Book jackets (originally called dust wrappers) started as pieces of plain paper wrapped around a book while they were in the bookseller's shop. Then publishers realised that they could be a way of advertising what was in the book and jackets were commissioned to reflect the contents and by the 1920s the jacket as we know it today became a familiar sight.
The author writes about the life and art of over 50 artists and illustrators from the middle decades of the 20th Century when this art-form flourished.
"Many of the designs reflect the changing visual styles and motifs of the period, including Bloomsbury, Art Deco, Modernism, Post war neo-romanticism and the Kitchen Sink School"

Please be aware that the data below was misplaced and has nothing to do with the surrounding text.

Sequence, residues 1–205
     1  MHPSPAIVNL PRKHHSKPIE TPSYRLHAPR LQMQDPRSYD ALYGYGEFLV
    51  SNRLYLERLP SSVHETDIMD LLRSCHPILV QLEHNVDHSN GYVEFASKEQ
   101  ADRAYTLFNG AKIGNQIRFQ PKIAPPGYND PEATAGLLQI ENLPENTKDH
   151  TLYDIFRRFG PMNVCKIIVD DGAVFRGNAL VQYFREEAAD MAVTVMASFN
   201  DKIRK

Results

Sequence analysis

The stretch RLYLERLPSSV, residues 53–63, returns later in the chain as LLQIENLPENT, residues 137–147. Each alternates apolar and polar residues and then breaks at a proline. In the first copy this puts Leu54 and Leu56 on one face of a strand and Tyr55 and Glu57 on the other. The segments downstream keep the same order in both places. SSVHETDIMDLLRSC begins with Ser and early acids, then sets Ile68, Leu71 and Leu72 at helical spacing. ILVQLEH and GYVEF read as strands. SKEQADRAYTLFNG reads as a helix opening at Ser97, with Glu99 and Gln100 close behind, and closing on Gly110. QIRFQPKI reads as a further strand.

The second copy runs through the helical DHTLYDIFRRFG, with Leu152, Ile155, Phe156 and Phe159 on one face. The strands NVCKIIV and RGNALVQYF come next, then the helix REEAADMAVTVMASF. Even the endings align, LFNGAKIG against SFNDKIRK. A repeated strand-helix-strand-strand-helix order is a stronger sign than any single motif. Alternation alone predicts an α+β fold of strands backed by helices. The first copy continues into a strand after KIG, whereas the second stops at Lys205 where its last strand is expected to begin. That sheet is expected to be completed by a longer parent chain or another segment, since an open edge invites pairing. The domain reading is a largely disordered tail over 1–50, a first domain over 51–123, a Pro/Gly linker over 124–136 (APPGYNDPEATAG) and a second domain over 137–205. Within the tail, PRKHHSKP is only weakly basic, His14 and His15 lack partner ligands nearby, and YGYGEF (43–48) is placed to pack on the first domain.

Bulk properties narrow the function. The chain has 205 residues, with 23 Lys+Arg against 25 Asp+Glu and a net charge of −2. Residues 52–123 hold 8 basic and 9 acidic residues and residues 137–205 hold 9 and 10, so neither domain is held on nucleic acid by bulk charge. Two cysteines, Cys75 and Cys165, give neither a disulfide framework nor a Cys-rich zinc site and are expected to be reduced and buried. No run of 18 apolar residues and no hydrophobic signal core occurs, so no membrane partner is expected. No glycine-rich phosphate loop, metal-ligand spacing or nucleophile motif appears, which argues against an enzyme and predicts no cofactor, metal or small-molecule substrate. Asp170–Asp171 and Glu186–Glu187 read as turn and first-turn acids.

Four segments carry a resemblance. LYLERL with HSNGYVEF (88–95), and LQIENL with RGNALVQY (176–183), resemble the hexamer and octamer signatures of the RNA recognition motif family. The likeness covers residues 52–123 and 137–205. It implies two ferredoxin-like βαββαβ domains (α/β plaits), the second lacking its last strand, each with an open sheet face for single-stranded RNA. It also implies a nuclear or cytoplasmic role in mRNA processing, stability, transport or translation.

Here is a double page featuring Stanley Badmin who illustrated jackets for early National Trust books almost mini landscape paintings
Edward Ardizzone........ book jackets instantly recognizable by anyone who had children's books in the 1960s and 70s
John Nash. The artist who left his house -"Bottomgoms Farm"- on the Suffolk/Essex border to his
A lovely book to browse and I'm glad the library had a copy to borrow, so thank you to the book blogger who gave it a mention a few weeks ago.
Thanks to everyone for comments yesterday and it was interesting to hear about Groundhog Day.